Ethanol is a biofuel that is found in nearly 98% of the gasoline purchased at retail stations in the U.S., in most cases accounting for 10% of the gasoline/ethanol blend. This high-octane, biofuel has grown in popularity around the world, particularly over the last 20 years, due to regulations that require or incentivize its use. As governments continue to evaluate regulations to control greenhouse gas (GHG) emissions, ethanol has been overshadowed by some other biofuels lately but it is expected to continue to play an important role as a pathway for meeting low-carbon mandates. Today, we discuss the history, the production, and the still-evolving role of ethanol in the global push to decarbonize.
In this blog series, we are reviewing low carbon fuel policies, the mechanisms being evaluated and implemented to meet increasingly stringent GHG-related regulations, and the impact these rules could have on refined products markets. In Part 1, we provided an overview of various policies that have been adopted and are being discussed to reduce GHG emissions from on-road transportation fuel use. We also noted some of the more widely-used approaches being taken, including fuel economy standards, renewable blending requirements, zero emission vehicle mandates, and low-carbon fuel standard (LCFS) programs in California and Oregon, the Canadian province of British Columbia, and the proposed Canadian Clean Fuel Standard. Such LCFS programs are usually established and measured based on the carbon intensity (CI) of fuels used. CI is a measure of the lifecycle GHG emissions associated with producing, distributing, and consuming a fuel, which is measured in grams of carbon dioxide equivalent per megajoule (gCO2e/MJ) (that’s the simple version.) Typically, LCFS policies establish downward-sloping carbon-intensity benchmarks for the jurisdiction’s total transportation fuel pool and incentivize the production and blending of lower-CI fuels to meet the benchmarks.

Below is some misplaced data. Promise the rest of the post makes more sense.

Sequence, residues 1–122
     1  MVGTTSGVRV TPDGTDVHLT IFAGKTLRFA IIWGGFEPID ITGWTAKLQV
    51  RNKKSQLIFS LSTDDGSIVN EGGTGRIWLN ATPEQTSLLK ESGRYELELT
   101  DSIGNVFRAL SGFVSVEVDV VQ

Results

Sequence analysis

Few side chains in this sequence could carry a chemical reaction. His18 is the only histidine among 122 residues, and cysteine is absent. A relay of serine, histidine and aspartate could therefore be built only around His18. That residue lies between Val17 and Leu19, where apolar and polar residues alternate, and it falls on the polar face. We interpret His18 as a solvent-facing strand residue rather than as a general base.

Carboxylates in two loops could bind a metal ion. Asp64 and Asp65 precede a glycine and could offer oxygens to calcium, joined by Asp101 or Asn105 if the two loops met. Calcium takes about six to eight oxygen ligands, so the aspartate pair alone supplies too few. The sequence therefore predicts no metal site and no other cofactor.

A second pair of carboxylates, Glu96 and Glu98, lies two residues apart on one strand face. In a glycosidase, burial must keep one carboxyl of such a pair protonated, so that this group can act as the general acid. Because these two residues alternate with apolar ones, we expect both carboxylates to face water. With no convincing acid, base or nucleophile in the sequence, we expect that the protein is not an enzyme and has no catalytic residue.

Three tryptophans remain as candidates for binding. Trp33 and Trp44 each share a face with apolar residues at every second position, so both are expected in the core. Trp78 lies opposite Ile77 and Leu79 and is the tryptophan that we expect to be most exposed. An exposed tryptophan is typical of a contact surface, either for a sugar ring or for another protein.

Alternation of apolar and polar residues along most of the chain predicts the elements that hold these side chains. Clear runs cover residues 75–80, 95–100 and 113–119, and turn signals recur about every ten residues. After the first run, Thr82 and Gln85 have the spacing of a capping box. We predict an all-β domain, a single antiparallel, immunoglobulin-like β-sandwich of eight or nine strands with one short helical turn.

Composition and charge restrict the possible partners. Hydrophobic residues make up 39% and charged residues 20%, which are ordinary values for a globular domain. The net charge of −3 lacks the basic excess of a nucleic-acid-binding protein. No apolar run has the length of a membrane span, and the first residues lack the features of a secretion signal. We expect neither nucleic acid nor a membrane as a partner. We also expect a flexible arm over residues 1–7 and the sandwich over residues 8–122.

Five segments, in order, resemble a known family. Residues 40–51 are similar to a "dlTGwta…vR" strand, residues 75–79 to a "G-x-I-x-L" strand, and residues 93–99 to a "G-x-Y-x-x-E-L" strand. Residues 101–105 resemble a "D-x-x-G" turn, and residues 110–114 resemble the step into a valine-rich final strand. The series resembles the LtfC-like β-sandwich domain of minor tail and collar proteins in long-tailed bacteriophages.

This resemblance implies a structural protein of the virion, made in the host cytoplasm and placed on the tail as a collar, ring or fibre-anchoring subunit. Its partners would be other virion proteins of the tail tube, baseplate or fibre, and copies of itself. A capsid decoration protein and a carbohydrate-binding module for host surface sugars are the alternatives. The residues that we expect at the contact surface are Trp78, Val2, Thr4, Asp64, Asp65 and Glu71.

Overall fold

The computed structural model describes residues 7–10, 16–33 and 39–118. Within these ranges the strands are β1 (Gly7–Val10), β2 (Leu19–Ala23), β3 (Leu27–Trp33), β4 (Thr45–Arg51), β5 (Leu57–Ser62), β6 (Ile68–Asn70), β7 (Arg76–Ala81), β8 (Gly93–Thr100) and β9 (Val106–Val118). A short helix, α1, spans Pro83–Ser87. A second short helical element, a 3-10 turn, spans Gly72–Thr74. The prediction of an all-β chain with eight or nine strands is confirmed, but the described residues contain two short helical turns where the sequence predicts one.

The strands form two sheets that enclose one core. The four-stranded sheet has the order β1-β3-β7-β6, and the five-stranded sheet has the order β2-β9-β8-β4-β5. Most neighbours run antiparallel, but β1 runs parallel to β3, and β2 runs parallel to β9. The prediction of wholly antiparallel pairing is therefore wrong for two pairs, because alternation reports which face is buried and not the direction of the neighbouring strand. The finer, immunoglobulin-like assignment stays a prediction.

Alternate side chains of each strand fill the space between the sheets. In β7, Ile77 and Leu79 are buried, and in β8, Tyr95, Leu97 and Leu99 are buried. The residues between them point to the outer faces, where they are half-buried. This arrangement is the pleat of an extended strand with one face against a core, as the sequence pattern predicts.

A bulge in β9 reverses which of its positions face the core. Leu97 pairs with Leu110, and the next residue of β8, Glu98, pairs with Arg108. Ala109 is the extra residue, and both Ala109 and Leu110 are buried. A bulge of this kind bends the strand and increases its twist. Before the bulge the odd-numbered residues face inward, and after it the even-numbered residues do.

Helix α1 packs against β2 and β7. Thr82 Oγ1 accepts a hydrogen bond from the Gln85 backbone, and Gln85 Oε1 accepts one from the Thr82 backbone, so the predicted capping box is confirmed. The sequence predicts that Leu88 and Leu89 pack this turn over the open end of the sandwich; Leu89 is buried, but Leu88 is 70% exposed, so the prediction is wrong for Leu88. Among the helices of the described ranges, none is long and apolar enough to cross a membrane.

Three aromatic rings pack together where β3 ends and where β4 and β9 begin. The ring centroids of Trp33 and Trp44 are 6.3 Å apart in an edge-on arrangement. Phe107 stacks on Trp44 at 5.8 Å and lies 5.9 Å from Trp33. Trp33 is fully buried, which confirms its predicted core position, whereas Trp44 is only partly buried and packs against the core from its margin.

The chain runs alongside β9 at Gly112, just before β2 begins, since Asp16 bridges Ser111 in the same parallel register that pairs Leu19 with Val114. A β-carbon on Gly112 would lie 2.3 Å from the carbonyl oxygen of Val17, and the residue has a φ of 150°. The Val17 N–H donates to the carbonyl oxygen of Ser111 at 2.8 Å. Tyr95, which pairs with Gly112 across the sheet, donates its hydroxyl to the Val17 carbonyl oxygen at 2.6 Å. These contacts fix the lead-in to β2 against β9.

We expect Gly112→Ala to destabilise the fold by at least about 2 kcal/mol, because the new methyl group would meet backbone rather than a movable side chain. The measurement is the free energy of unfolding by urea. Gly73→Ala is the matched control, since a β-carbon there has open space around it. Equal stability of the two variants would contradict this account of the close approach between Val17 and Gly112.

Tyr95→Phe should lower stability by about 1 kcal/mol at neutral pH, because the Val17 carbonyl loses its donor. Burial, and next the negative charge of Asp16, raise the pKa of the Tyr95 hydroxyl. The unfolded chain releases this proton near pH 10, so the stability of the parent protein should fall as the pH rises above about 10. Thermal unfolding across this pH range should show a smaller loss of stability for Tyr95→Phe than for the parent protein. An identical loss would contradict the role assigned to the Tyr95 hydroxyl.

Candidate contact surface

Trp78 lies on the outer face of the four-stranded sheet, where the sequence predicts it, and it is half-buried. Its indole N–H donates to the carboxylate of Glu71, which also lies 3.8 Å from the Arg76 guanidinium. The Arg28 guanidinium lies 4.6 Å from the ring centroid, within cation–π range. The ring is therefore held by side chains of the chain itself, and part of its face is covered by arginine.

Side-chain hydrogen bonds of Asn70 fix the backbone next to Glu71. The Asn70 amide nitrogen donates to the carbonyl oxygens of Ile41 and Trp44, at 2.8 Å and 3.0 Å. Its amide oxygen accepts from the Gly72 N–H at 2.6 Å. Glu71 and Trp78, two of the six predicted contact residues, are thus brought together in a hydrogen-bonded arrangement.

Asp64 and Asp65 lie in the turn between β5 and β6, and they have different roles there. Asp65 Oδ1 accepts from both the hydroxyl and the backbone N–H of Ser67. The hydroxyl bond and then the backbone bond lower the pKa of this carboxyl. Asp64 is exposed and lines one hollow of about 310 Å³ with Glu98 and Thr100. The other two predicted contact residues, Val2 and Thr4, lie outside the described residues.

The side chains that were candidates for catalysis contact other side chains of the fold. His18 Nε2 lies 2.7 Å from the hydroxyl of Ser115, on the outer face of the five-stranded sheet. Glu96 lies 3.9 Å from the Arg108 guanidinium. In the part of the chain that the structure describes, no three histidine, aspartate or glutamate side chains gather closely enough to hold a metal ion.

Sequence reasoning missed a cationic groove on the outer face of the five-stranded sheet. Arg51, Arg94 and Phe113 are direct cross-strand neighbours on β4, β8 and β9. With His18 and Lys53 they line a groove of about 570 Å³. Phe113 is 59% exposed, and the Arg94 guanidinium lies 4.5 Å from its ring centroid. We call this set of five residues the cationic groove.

In Part 2, we focused on California’s LCFS, which was implemented in January 2011 and which grew out of a number of earlier efforts by the nation’s most populous state to improve air quality and, more recently, reduce its GHG emissions. The LCFS assigns a CI value for petroleum-based gasoline and diesel fuels, as well as their substitutes (such as ethanol, biodiesel, etc.), using a total of four models to calculate the direct and indirect effects of producing and using the fuels. (California Reformulated Gasoline Blendstock for Oxygenate Blending — CARBOB, the petroleum-based portion of finished gasoline in California, which accounts for roughly 90% of each gallon — has a CI of ~101 gCO2e/MJ.) The LCFS then sets CI limits on the finished gasoline and diesel fuel consumed in California each year on a gradually declining scale to meet the 2030 goal of a 20% reduction in the carbon intensity of motor fuels consumed in the state. Petroleum-based fuels have CIs higher than the annual limits and renewable fuels are generally below the annual limits. If a fuel has a CI above the limit, it generates a deficit and if a fuel is below the line, it generates a credit. (Again, see Part 2 for details.)
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